Cinematographer Peter Suschitzsky does nice work with the cinematography to play into its look of the city as it‘s in chaos while editor Ronald Sanders does some good work in the editing though it does have a hard time to keep up with the very talkative dialogue while not doing enough to build up some suspense. Production designer Arvinder Grewal and art director Joshu de Cartier do excellent work with the look of the limos and places Parker goes to while costume designer Denise Cronenberg creates some wonderful dresses that Elsie wears.

Visual effects supervisor Wojciech Zielinski does some bad work in some of the film‘s visual effects that includes a backdrop for the shots outside of the limo. Sound editor Wayne Griffin and Michael O’Farrell do some fine work with the sound to play into the chaotic nature in the locations. The film’s music by Howard Shore is terrific as it is low-key with its emphasis on brooding electronic music that includes some contributions from the Canadian band Metric to provide some dark textures into the soundtrack.

The casting by Deirdre Bowen definitely has a great collection of actors where there’s a few noteworthy performances from George Touliatos as the barber Anthony and Abdul Ayoola as Packer’s driver where the two have a nice conversation about their old lives as cab drivers. Other notable performances from Patricia McKenzie as a bodyguard of Packer, Emily Hampshire as finance chief, Jay Baruchel as his friend Shiner, Kevin Durand as Packer’s main bodyguard Torval, and Philip Nozuka as his analyst don’t really get much to do as they’re bogged down by the film’s atrocious dialogue that just has them over-explaining things.

For a cast that includes such revered talents as Mathieu Almaric, Juliette Binoche, Paul Giamatti, and Samantha Morton, they are unfortunately wasted in this film. Giamatti plays a disgruntled, troubled ex-employee of Packer who just talks and talks while Almaric is just a guy who slams a pie into Packer. Morton doesn’t do anything but talk about numbers and such as if she was a robot while Binoche plays an art consultant who sleeps with Packer as she talks about money and art. Sarah Gadon is terrible as Packer’s young wife Elsie as she only appears in a few scenes as the scenes she have with Pattinson are included with some bad dialogue that’s made worse by the fact that they’re talking like robots. Finally, there’s Robert Pattinson in a performance that is unsurprisingly typical of what he’s known for as he’s just a bore to watch as well as the fact that he talks like a robot in some respects while often does a lot of blank stare to showcase that he is indeed a very bland and soulless young man who can’t act worth a shit.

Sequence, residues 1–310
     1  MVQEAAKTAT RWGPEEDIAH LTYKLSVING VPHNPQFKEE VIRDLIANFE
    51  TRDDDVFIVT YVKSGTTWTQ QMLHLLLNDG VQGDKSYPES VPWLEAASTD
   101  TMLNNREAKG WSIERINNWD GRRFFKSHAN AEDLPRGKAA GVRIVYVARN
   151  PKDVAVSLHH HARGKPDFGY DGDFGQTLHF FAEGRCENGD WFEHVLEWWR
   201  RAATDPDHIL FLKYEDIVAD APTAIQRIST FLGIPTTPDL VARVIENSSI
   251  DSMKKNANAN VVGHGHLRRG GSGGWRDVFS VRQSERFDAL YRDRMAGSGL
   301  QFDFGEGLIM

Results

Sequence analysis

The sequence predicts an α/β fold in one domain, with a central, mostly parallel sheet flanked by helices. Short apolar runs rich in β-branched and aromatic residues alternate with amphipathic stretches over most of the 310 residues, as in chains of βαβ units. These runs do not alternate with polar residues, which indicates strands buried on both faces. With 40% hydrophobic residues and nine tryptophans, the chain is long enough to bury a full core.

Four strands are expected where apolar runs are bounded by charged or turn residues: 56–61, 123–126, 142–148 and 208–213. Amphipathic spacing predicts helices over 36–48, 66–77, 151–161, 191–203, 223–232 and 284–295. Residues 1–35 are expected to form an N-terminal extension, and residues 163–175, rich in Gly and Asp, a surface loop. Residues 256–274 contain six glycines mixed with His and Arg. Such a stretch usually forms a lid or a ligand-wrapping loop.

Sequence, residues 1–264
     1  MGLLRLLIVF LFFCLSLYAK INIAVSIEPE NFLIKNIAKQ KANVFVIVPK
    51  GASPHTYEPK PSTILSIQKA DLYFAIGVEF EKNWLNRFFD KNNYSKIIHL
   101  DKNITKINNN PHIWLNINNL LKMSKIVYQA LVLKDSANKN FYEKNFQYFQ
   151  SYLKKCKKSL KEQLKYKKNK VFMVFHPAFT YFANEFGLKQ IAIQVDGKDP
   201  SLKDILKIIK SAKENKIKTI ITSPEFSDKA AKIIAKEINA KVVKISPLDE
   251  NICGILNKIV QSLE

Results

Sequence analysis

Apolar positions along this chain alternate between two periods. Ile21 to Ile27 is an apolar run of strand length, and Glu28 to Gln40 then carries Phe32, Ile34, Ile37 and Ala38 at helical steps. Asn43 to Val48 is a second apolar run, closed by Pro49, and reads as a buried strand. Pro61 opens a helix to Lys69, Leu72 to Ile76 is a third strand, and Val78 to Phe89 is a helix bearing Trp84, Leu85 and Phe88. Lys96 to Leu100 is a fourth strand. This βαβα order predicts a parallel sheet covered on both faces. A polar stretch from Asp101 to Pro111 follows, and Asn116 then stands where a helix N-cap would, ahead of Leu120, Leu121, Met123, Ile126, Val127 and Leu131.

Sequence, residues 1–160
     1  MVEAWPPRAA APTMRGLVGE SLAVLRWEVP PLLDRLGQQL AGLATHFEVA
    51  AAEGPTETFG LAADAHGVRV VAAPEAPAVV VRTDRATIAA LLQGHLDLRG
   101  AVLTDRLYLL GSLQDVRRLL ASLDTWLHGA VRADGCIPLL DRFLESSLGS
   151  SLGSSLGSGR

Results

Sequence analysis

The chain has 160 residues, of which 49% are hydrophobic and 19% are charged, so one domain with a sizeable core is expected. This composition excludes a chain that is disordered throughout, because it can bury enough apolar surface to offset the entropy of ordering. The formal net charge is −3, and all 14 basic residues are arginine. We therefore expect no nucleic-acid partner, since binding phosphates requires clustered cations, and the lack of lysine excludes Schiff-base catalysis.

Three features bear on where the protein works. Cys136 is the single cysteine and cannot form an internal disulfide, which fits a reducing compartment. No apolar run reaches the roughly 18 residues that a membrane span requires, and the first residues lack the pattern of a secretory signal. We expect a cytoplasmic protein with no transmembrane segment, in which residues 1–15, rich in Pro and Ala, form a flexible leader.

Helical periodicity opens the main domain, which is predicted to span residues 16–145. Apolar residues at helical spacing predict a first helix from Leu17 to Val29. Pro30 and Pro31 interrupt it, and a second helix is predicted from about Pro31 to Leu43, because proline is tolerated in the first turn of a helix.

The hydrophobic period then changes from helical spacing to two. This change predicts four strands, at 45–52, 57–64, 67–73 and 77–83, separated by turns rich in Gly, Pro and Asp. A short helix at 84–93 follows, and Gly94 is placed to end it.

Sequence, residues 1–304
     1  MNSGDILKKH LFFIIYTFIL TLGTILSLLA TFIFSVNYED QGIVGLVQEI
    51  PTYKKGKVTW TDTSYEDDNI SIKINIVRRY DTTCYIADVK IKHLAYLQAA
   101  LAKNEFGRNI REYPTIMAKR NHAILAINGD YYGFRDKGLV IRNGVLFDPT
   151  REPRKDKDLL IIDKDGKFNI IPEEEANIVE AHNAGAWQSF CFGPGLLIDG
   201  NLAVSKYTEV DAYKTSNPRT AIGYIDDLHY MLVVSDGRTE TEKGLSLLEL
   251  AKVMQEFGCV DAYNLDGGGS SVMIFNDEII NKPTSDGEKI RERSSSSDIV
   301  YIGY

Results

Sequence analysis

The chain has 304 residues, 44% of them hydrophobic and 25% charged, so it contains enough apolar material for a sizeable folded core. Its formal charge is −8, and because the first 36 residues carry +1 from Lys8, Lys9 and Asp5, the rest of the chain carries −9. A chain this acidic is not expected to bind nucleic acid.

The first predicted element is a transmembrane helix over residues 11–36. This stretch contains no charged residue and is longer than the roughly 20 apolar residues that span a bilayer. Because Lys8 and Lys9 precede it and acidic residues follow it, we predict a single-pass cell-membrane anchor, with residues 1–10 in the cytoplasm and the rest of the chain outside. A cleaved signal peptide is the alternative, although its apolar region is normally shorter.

Cosmopolis is a fucking travesty of a film from someone as brilliant as David Cronenberg. Thanks in part to Robert Pattinson’s horrendous performance as well as its un-engaging story and overwritten dialogue. It’s a film that should’ve said something about a man’s self-destruction in the wake of a capitalist protest but instead says nothing profound. Even as it ends up being a cinematic downward spiral of nothingness that goes further into a spiral of ever-more nothingness. In the end, Cosmpolis is a film that just absolutely fucking sucks.

David Cronenberg Films: Stereo - Crimes of the Future - Shivers - Rabid - Fast Company - The Brood - Scanners - Videodrome - The Dead Zone - The Fly (1986 film) - Dead Ringers - Naked Lunch - M. Butterfly - Crash - eXistenZ - Spider - A History of Violence - Eastern Promises - A Dangerous Method - Maps to the Stars - Crimes of the Future (2022 film)

The Auteurs #26: David Cronenberg: Pt. 1 - Pt. 2

© thevoid99 2013


Alex Withrow said...

Yes, yes, one thousand times yes. Your final paragraph had me rolling. This one had me baffled from minute one. A true travesty.

thevoid99 said...

I want to believe that another filmmaker did this film. What happened to Cronenberg? Did some creature get into his ear and fuck with his head or something?